According to a second embodiment, the probe comprises a third antenna receiving said magnetic field and superposed above the first antenna opposite the second antenna. In this embodiment, the voltage measuring means simultaneously measures a first voltage between the terminals of the second antenna and a second voltage between the terminals of the third antenna. By comparison with the first embodiment, measurement by means of this second embodiment is much faster.
This probe with three antennae further comprises
first, second and third thin boards in dielectric material which respectively support the first, second and third antennae,
a first wedge in dielectric material against two parallel sides of which the first and second boards are respectively fixed, and
a second wedge in dielectric material against two parallel sides of which the first and third boards are fixed.
The measurement device also comprises, particularly according to this second embodiment, means for calculating the variation of the ratio between said first and second voltages as a function of the frequency when said probe is moved away from said material to be tested and subsequently when said probe is placed on a same side of said material to be tested, thereby detecting from it the surface impedance of said material to be tested by seeking out, among stored low-pass-type reference curves, a reference curve nearest the variation of said ratio between said voltages.
Further features and advantages of the invention will be apparent from the following particular description of several preferred embodiments of this invention as illustrated in the corresponding accompanying drawings in which:
FIG. 1 is an exploded view in perspective of a first probe with two antennae embodying the invention;
FIG. 2 is a block diagram of an impedancemeter embodying the invention, operating with the probe in FIG. 1;
FIGS. 3 and 4 are charts showing antenna voltage ratio variations as a function of frequency, particularly for probes with different inter-antenna gaps, when these probes are applied to a same material to be tested;
FIGS. 5 and 6 are charts showing variations of said antenna voltage ratio as a function of frequency, obtained with a same probe and two different materials respectively, and theoretical curves close to the "low-pass filter" type;
FIG. 7 shows theoretical curves of the "low-pass filter" type for various surface impedance values;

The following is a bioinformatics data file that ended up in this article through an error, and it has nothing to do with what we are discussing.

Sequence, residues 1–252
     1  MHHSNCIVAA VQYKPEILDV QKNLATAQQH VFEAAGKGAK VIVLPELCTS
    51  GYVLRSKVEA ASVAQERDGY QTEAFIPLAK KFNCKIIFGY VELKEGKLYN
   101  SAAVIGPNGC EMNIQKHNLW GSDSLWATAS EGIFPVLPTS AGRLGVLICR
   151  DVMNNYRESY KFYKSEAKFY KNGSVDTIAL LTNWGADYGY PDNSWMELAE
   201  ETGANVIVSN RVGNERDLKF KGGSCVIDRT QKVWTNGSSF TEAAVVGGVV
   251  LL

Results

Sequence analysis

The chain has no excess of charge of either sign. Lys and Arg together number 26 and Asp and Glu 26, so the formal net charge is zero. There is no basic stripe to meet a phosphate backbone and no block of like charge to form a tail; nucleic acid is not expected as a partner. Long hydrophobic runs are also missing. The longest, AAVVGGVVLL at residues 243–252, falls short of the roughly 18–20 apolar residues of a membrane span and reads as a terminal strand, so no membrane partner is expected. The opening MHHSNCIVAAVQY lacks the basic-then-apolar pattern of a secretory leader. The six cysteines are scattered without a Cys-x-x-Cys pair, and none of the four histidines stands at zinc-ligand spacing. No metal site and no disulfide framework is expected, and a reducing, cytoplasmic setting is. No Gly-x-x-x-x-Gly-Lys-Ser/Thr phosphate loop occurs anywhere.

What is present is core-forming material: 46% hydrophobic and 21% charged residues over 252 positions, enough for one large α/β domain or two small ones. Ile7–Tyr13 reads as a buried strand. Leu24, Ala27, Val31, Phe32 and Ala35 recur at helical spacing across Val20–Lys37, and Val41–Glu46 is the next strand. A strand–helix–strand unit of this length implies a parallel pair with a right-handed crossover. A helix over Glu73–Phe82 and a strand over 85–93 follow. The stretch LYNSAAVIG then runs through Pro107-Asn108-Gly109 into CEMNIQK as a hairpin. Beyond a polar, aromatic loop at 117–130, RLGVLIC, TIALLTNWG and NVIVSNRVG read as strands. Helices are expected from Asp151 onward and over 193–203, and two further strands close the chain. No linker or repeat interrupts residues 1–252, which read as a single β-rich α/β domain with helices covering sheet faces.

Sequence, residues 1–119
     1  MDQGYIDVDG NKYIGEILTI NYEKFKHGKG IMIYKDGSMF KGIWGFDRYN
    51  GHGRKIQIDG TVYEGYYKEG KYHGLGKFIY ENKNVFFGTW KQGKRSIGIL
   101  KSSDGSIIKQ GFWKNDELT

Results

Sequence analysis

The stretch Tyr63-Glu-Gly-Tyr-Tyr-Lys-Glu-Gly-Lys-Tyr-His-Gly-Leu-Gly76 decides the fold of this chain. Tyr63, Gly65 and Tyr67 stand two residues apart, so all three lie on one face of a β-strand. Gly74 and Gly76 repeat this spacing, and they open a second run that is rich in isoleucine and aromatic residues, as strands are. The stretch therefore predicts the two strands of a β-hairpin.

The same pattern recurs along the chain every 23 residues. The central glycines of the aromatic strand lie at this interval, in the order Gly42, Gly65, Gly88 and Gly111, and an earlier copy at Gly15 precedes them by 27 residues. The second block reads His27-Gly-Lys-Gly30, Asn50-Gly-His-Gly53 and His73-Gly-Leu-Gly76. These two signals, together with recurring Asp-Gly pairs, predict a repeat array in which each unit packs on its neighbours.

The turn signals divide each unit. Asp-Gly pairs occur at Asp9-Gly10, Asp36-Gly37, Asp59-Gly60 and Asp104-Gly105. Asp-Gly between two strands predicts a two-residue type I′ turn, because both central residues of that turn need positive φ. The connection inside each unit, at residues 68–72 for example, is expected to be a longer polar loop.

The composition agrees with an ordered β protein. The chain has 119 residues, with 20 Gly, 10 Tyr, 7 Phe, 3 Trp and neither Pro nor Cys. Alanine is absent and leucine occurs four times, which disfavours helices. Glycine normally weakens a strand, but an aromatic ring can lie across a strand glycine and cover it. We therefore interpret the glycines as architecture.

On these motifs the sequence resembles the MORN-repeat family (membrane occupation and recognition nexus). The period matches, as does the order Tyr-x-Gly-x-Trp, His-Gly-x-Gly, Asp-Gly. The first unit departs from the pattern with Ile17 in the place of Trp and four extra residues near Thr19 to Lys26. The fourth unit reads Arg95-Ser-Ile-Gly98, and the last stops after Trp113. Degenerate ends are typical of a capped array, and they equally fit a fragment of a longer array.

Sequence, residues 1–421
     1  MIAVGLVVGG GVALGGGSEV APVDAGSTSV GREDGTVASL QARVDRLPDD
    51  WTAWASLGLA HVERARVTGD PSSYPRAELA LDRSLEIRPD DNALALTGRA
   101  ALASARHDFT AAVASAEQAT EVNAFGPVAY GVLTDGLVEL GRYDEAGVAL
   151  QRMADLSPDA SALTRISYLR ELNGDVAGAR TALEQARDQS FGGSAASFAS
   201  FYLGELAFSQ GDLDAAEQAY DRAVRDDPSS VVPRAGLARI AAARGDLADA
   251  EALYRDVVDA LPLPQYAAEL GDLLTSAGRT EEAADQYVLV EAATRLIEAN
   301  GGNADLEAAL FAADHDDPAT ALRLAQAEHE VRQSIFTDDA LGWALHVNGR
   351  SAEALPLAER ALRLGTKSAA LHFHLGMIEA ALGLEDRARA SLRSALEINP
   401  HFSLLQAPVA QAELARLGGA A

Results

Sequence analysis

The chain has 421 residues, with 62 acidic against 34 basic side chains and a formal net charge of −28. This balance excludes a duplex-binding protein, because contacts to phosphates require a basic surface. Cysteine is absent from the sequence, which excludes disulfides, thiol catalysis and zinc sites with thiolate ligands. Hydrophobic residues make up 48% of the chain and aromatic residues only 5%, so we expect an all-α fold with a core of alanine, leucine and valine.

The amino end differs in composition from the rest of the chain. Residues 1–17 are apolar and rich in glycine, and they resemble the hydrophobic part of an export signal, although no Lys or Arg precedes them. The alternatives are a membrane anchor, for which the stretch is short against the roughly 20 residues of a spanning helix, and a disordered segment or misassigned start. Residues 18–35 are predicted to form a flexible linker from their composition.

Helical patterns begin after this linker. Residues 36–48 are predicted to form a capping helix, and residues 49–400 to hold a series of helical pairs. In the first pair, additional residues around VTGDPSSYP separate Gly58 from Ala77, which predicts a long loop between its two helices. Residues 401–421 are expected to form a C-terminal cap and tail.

FIG. 8 is a chart showing variations of said voltage ratio as a function of frequency, obtained with a same probe and for a same material, but for different distances between the probe and the material;
FIG. 9 is an exploded view in perspective of a second probe comprising three circular antennae;
FIG. 10 is a block diagram of an impedancemeter operating with the probe in FIG. 9;
FIG. 11 is a schematic view in perspective of the impedancemeter in FIG. 10, in the form of a portable device; and
FIG. 12 is an exploded view in perspective of a probe comprising three rectangular antennae.
A measurement probe SM for impedancemeter embodying the invention and shown in FIG. 1 comprises an injection antenna 1 playing the role of a transmitting antenna, and a measuring antenna 2 playing the role of receiving antenna and placed parallel to the first antenna 1. Each of the antennae 1, 2 is typically comprised of a circular spire printed on one of the sides of an insulating board 10, 20, or by two concentric circular spires printed on the sides of a two-sided printed board. However, the second antenna may be rectangular or of any other form. The neighboring terminals 11 and 12, 21 and 22 of the antenna 1, 2 are comprised of metallized holes in the board 10, 20, from which printed connection conductors can be extended.
According to the embodiment illustrated in FIG. 1, the elements 20, 3, 10 and 4 have a same square-shaped section and are maintained in a stack by means of four through screws and nuts 50 and 51. The elements thus stacked 20, 3, 10 and 4 are then coated with a thin protective dielectric layer 52 such as epoxy resin. Typically, if r designates the radius of the transmitting antenna 1, the radius of the receiving antenna 2 is equal to r/2, and the thickness z of the insulating wedge 3 is equal to r.